On the other hand, there’s my husband’s family. Marcus was raised in an evangelical household in which he was taught that Halloween is for devil worshipers and sadists, that homosexuality is a perversion, and that sex before marriage is an affront to God. You actually wouldn’t know just by speaking to his parents that they believe all these things; in fact, the only reason I know is because Marcus has told me about his childhood and, most recently, about the conversations that his father has with him when I’m not in the room.

While we were visiting the family last weekend, his mother and aunt were talking about a family friend who is apparently not a Christian or just not their kind of Christian (which, for them, there is little difference between the two). They were talking about how best to bring him around, and I couldn’t help but wonder as I sat there if they had ever had this discussion over me. They all know that I’m an atheist because (and this is gonna sound stupid, but it’s true) his mother saw it on my Facebook profile.

Eve is still very young, so the religious pressure has been very low. Right before she was born we received a story book about Abraham that went straight to Goodwill; when she was a few weeks old, the preacher who lives next door to my parents tried to convince us to attend his church, which we politely declined; and one of my coworkers asked me last week when Eve was going to have her Christening, to which I replied, “What’s a Christening?”

As she ages, though, I expect things to get stickier. Someday she’s going to ask why my parents lower their heads before every meal – something that I have no problem explaining to her, but I don’t know how well it’s gonna go over if she repeats my explanation to my folks. Someday she’s going to wonder if what someone told her was true: that we’re all going to hell because we don’t go to church or don’t believe in God. I won’t hesitate to tell her that there is no hell, but I’m afraid that my parents (or, more likely, my in-laws) are going to take her to the side when I’m not in the room and try to scare her into believing otherwise.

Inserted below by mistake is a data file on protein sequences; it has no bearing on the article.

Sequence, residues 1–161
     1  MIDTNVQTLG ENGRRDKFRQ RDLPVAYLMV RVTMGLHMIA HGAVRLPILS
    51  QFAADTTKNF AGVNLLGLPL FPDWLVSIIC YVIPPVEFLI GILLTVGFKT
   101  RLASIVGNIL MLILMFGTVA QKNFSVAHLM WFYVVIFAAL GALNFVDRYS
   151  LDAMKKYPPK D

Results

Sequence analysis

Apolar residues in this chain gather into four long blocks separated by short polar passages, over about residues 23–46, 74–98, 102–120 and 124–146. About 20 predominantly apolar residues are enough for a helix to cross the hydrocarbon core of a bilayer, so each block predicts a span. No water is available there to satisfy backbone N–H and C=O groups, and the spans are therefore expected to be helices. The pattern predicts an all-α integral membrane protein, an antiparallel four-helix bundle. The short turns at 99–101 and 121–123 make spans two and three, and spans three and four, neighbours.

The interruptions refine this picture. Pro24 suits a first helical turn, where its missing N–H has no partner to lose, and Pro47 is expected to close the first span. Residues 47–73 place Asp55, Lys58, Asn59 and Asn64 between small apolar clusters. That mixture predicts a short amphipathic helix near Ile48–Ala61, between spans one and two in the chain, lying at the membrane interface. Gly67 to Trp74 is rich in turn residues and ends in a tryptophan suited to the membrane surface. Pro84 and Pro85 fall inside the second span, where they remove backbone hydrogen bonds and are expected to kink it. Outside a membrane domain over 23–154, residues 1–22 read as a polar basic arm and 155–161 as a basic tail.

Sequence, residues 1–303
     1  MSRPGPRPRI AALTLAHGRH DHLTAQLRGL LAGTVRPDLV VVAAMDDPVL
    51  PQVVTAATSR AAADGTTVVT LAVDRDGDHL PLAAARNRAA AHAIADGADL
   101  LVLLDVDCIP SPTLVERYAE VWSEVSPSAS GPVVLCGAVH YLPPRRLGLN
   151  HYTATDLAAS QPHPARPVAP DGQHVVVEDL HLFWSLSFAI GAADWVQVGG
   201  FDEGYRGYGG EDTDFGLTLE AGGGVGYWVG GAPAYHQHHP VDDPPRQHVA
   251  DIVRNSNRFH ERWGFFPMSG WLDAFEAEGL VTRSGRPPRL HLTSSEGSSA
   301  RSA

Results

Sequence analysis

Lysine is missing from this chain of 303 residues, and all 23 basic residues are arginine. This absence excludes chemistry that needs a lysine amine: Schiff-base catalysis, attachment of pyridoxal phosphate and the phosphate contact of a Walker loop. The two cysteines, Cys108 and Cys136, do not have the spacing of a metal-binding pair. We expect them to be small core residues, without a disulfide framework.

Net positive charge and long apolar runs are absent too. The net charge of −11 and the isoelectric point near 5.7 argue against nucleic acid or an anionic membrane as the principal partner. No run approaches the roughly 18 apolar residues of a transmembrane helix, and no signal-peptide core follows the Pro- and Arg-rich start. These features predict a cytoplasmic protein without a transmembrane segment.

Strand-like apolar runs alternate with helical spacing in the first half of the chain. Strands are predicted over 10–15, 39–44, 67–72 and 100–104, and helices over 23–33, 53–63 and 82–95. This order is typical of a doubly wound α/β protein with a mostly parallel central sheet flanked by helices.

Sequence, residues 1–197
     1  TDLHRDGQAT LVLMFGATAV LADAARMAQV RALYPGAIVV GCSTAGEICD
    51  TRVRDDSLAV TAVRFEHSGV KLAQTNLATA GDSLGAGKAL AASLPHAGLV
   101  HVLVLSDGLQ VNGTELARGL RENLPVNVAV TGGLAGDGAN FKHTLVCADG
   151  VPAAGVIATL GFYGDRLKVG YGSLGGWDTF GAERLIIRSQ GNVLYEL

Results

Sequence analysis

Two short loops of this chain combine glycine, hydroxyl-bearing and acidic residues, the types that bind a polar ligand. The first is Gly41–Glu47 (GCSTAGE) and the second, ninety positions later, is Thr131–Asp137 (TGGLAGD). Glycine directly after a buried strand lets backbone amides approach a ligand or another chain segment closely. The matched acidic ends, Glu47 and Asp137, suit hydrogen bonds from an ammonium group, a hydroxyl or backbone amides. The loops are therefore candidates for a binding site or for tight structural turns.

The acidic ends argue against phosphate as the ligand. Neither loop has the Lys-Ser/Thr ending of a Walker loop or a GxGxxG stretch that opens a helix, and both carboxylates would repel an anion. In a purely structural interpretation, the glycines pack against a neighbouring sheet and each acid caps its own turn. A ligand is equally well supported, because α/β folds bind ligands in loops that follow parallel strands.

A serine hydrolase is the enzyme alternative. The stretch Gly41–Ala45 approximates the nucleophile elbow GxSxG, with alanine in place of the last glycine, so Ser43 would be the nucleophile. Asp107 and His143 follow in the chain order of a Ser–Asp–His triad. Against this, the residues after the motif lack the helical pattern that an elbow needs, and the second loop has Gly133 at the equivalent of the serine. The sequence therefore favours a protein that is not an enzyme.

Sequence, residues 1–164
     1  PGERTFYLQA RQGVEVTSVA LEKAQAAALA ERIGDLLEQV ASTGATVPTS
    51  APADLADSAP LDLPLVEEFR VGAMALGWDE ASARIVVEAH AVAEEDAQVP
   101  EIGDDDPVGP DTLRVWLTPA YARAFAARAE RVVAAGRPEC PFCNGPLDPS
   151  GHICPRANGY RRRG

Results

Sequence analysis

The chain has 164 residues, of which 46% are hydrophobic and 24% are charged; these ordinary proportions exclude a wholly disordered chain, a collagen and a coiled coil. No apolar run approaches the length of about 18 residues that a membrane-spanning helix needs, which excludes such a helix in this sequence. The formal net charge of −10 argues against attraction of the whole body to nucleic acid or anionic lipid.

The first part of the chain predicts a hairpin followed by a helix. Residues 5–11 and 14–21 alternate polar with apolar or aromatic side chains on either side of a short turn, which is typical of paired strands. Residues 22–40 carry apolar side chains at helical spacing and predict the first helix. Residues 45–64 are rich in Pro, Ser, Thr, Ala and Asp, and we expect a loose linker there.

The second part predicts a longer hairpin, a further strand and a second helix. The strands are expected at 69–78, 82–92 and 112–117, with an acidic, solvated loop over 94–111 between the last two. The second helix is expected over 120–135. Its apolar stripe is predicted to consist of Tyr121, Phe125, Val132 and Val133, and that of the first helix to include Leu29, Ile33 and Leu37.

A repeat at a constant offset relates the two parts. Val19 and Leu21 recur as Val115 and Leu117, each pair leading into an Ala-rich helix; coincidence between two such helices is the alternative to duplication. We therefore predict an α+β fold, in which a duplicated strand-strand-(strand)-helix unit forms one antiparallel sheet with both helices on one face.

Most of the faith that I have ever had throughout my life was really just fear at its core. I was afraid to die, to go to hell, or to be the odd one out amongst a sea of believers. I wanted desperately to believe because there was something that I wanted to gain from believing. I don’t want that for Eve. If she ever chooses to believe some sort of faith system, so be it, but as long as I have anything to say about it, it’s not going to be because someone else frightened her into it.